Adele and saying goodbye

13th of February 2016

“Someone like you”. This song, like many others was assigned. Is assigned. So assigned that the last time I saw him, the shuffle player decided to play it right on time for our final hug. And even if we see each other again in this lifetime, that was still our final goodbye.

And today I’m also saying goodbye to something. To a fundamental part of me. To my previous view on love.

My first definition of love was the impossible. I was around 17 and I believed perfect love to be one that only lasts for a very short period of time, is intense, touches your deepest corners, changes you fundamentally – for the better – and then leaves you living all your life longing for this state of perfection. That is because, of course, you would need to be apart from your love in order not to allow the mundane and profane to alter the perfection. And I had it. And it was perfect. It was perfect because it was what I wanted then. And because I am a better person today because of him.

Then reading Patul lui Procust and thinking about the intellectual’s view on absolute love, I thought this should be it. I figured that the new definition should be selflessness and the unconditional. And if I managed to love someone like that, it would mean that I would have felt it. The perfect love. And I am grateful for having had the opportunity. I am not even sorry it took me many years to understand that I was wrong. Actually, it’s not that I was wrong. It’s just that one can never be happy while loving unconditionally. I didn’t know that then.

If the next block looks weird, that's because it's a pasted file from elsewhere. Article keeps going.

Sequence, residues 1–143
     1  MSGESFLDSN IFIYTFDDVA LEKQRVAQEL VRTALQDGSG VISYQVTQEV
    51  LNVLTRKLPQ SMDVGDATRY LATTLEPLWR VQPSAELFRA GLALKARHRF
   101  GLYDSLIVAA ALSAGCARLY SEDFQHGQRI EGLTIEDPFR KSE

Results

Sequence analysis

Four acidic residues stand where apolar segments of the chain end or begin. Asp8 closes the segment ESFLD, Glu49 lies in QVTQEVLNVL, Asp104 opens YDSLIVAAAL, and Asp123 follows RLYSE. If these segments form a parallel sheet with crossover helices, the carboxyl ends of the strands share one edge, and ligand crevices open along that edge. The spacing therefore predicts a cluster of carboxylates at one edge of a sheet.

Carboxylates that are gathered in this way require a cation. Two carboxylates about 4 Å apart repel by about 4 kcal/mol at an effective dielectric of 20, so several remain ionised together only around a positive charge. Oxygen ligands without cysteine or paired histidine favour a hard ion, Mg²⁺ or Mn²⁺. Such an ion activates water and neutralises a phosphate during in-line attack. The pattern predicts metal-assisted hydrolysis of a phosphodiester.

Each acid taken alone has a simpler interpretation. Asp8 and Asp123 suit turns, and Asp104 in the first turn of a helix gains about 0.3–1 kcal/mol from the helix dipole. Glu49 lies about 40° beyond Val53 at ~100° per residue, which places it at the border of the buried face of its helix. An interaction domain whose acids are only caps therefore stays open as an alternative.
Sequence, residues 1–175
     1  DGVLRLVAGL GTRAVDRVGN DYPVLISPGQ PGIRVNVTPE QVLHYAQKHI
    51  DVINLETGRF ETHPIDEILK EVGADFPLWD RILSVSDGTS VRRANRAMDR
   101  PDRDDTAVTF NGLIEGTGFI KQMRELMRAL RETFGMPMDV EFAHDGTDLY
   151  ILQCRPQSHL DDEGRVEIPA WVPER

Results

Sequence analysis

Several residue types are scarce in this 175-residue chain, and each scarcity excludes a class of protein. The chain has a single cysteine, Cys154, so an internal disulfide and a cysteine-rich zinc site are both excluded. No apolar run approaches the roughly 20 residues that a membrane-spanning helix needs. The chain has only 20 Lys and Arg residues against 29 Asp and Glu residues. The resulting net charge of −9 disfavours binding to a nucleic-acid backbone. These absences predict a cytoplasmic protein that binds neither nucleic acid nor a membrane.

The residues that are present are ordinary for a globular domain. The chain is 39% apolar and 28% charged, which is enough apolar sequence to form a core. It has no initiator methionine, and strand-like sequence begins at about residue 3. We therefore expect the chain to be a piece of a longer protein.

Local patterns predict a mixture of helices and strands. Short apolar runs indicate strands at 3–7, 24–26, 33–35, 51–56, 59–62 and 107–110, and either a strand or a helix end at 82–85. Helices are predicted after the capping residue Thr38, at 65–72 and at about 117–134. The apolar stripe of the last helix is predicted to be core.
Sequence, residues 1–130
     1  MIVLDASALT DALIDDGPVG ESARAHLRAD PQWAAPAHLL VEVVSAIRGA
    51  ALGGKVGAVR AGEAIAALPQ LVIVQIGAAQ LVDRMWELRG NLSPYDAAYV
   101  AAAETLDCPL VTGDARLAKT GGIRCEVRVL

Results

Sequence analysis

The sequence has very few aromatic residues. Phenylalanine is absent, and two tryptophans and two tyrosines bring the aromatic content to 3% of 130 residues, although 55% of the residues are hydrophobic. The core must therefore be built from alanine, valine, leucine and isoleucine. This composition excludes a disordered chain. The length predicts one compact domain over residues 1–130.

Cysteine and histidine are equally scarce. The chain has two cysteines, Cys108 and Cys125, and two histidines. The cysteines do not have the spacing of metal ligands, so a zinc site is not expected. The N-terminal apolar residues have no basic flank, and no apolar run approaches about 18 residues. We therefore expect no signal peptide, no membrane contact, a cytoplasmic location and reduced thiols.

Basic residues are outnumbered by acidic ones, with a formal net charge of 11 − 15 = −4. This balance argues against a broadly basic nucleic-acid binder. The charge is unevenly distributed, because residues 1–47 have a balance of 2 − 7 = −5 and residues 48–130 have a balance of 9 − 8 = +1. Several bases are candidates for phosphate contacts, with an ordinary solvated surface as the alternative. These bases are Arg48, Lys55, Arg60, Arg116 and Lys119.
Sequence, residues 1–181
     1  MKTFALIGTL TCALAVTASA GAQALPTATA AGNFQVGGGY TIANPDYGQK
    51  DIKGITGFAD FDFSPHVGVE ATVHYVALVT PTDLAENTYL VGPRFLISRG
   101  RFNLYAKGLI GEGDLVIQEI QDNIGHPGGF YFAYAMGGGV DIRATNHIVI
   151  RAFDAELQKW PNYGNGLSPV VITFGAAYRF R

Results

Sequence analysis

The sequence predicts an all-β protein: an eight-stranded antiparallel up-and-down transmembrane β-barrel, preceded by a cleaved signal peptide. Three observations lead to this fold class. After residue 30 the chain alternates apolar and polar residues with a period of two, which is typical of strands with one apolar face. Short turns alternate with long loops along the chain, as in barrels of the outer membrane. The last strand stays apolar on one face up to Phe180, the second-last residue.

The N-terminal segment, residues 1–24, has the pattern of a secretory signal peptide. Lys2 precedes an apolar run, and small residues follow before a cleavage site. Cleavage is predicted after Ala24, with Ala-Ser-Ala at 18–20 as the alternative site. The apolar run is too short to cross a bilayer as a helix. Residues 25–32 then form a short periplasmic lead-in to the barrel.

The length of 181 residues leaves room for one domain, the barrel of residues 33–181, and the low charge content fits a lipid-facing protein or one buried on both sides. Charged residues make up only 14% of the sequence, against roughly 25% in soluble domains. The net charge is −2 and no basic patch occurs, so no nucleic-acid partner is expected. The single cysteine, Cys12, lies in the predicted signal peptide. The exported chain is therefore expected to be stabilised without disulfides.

Some years passed and without any particular definition of love. But these days I’m in search for a new definition. Reading some Plato.  Trying to understand what I want to experience in this life and how I really want to feel. Now, one thing led to another and I just stumbled upon “Someone like you” again.

Because it’s a motif now. How else would I say goodbye?

I am saying goodbye to being a romantic. And it’s a process. It will take time. And part of me will always fight it. Being a romantic is how I know how to be. I’ve been that my whole life and I had deep emotional experiences because of it. And I was happy in my misery. I always preferred to feel something, anything, than being numb and not having any feelings. And even now, I’m tempted to think that. I find it very sad to listen to love songs and not being able to relate. I’m not in love, I’m not suffering from a break-up, I’m just fine. But that also means that I don’t feel anything.

I’m becoming pragmatic, or classical, if you want. That’s my new definition. And it’s not an easy process. I always believed in “the one”. Soul mates. Perfect fit. And these stories brought me immense joy. Also immense sorrow. There was this part of me that always believed that being unhappy is sexy. That happy people are boring. And that all the juice of life comes from this sadness. I don’t anymore. Being happy is good. It’s fun. Less romantic. Doesn’t help much with writing either. But I prefer it now.

So yes, I’m saying goodbye to my romanticism. It’s gonna be an interesting ride to try and find the fun in being compatible, in having a relationship with a person that is right for you. I mean, can you, the happy in a relationship people tell me where do you find the excitement anymore? I’m sure there is. I’ve heard of people happily being in long term relationships. And I truly want to experience the balance of one. Just for the sake of comparison. Or just for the sake of experience. Maybe I will come back to my romanticism after that. Who knows. Maybe not.


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